ellens wrote:Not at all. The Saudis and the Iranians are enemies til the death of either or both (most likely outcome).
Not according to this article in Haaretz
Saudi Arabia has been supporting all of Israel's actions against Iran and they aren't even discrete about it.
They used to. Not anymore.
Meanwhile in Bahrain the Iranians are stirring up trouble with the majority Shiite population just as they are in Yemen and in Iraq. This is all aimed at destabilizing Saudi Arabia, in the long run, as Iran makes its play for the Arabian peninsula, as well as for control of Iraq.
Again, this is how things used to be. They've cut a deal. You ought to read the article.
Turkey and Iran are natural rivals in competing for domination of the disintegrating Arab states in between their territories, most of which were, at one time or another, parts of the Persian or Turkish Empires.
You're living in the past. Turkey has moved on. Turkey is making ties to Iran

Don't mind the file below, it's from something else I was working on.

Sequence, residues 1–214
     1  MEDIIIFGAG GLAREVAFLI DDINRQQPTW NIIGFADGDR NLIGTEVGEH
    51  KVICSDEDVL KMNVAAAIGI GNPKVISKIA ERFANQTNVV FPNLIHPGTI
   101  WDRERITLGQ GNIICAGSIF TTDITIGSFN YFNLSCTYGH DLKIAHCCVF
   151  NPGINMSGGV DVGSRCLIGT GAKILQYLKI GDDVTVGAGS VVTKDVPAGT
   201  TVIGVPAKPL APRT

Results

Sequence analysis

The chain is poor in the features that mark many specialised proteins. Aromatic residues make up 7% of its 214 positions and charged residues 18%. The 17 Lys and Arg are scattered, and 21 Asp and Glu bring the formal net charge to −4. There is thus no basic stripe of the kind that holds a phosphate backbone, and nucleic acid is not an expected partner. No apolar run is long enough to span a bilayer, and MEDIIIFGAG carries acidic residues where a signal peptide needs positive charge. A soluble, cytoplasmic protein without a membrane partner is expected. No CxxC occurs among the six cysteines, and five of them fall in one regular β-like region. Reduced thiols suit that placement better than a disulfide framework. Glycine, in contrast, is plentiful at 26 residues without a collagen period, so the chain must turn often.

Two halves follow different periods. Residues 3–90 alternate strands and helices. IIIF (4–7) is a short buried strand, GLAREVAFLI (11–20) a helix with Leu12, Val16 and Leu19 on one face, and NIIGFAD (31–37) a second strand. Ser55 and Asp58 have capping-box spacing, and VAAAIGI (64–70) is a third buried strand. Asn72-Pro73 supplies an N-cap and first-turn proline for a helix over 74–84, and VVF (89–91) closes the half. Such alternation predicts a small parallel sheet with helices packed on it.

People always tend to forget that there have never been independent states in the territories where Syria, Jordan and the Gulf States now lie. These territories were always parts of someone's empire. Creating independent states in places where no one has ever managed to sustain such states before is historically ludicrous,
Tell that to George Washington.
even if it weren't demographically and economically ludicrous (which it is, as well). The neocon error was in thinking that Iraqis view themselves as a nation, when clearly they don't. Neither do the Syrians, the Lebanese, the Saudis or even the Bahrainis. 60 years of independence has not created a sense of national identity in any of these places. The one Arab country that has created a modicum of national identity in this region is Jordan, due to the deftness and decency of its Hashemite rulers, and strong support from a variety of international actors. The others have not made any headway at all in 60 years.
It's amazing that impossible countries have lasted for so long.